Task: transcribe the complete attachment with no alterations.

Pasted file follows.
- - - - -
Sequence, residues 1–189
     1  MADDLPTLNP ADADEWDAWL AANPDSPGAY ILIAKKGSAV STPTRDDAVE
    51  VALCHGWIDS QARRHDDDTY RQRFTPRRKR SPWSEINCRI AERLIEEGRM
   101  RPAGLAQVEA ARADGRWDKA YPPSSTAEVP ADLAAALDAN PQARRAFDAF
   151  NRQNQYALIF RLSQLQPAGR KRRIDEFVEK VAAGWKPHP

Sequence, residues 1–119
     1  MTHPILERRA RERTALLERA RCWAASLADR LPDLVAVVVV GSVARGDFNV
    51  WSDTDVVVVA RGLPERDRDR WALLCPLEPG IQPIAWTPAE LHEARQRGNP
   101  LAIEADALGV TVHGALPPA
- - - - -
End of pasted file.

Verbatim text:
Sequence, residues 1–189
     1  MADDLPTLNP ADADEWDAWL AANPDSPGAY ILIAKKGSAV STPTRDDAVE
    51  VALCHGWIDS QARRHDDDTY RQRFTPRRKR SPWSEINCRI AERLIEEGRM
   101  RPAGLAQVEA ARADGRWDKA YPPSSTAEVP ADLAAALDAN PQARRAFDAF
   151  NRQNQYALIF RLSQLQPAGR KRRIDEFVEK VAAGWKPHP

Sequence, residues 1–119
     1  MTHPILERRA RERTALLERA RCWAASLADR LPDLVAVVVV GSVARGDFNV
    51  WSDTDVVVVA RGLPERDRDR WALLCPLEPG IQPIAWTPAE LHEARQRGNP
   101  LAIEADALGV TVHGALPPA